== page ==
Mobius Dick, by Andrew Crumey

John Ringer, a physicist, receives an intriguing SMS message on his phone, causing him to remember a past love affair, and sparking an investigation into various strange happenings and coincidences: something very odd is going on and it seems that it might be linked with a new research laboratory which is dabbling with the fundamental structure of the universe that keeps our world separate from alternate parallel ones.

In fact Ringer's story is interspersed with other, at first unrelated, narratives: someone in a hospital with amnesia is being encouraged to write as therapy; a group of psychoanalysts are discussing patients they've treated in a sanatorium in the Alps, and Herman Melville is looking for his ancestors. As the book proceeds, these separate strands draw together, although there's no resolution which explains all at the end.

I wanted to like this book a lot more than I did, but had problems with it: maybe I just didn't pay enough attention but it didn't have the coherence I expected. There was a glowing review by Jonathan Coe on the cover so I thought perhaps all the loose ends would be tied as in, e.g. House of Sleep. As it was, I am not sure I "got" the significance of all that was going on.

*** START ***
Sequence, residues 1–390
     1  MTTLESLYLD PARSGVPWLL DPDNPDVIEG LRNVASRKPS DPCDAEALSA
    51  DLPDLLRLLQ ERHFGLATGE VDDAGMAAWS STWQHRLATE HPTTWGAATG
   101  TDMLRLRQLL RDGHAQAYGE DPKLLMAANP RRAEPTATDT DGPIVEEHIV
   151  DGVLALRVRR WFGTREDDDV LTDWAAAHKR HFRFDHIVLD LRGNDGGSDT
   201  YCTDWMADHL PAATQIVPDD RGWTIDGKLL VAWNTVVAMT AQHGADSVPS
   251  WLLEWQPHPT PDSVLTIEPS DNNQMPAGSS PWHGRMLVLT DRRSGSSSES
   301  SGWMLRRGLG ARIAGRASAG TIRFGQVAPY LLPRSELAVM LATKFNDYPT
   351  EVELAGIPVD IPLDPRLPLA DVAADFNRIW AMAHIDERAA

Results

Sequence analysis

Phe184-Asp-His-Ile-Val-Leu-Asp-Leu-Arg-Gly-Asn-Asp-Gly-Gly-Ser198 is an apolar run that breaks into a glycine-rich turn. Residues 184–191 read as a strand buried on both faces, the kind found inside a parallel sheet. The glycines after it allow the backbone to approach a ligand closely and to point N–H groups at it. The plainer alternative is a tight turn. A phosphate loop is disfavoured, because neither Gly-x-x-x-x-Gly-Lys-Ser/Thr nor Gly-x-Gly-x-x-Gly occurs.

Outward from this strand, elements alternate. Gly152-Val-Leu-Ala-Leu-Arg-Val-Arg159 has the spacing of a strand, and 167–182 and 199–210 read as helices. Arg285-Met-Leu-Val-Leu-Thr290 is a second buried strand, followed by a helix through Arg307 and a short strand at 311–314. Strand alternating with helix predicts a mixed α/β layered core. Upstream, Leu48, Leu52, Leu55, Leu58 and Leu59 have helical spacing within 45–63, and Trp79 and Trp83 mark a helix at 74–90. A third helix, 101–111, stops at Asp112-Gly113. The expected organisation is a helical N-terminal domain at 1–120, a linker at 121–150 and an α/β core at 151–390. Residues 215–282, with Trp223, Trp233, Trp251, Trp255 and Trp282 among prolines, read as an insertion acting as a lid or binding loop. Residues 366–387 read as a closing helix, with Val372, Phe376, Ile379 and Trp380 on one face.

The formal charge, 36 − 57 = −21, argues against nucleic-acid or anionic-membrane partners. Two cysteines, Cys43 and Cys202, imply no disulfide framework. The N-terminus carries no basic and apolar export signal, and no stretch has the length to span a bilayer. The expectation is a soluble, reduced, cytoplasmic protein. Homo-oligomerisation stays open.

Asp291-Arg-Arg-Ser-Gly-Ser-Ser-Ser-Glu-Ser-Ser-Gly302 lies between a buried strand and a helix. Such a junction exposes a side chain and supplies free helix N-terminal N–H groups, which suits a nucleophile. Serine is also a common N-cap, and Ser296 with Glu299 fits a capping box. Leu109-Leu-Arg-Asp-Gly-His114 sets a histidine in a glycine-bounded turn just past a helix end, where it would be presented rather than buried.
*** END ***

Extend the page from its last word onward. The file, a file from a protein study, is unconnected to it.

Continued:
There was a passage that reminded me of Tim, where when Ringer tells his girlfriend he doesn't like novels: "What's so difficult about reading a novel?" she asked, following the remark with a mouthful of salad while he paused over his fish and chips. "They bore me," Ringer said. "All those made-up stories about people who never existed. Where are the facts? Where are the ideas? I want a book to give me a window on a new way of thinking; not mirror things I already know."

There were interesting touches though, for example the way that Ringer appears to live in our world, but there is the odd jarring difference, for example his "Q-phone". The book also talks about "The Life and Opinions of the Tomcat Murr" (in which the text is muddled owing to the author's cat having mixed up the pages), and seems to have borrowed from the structure of that book. Actually I am inclined to think that one might be worth a go.

Completed : 13-Jul-2005

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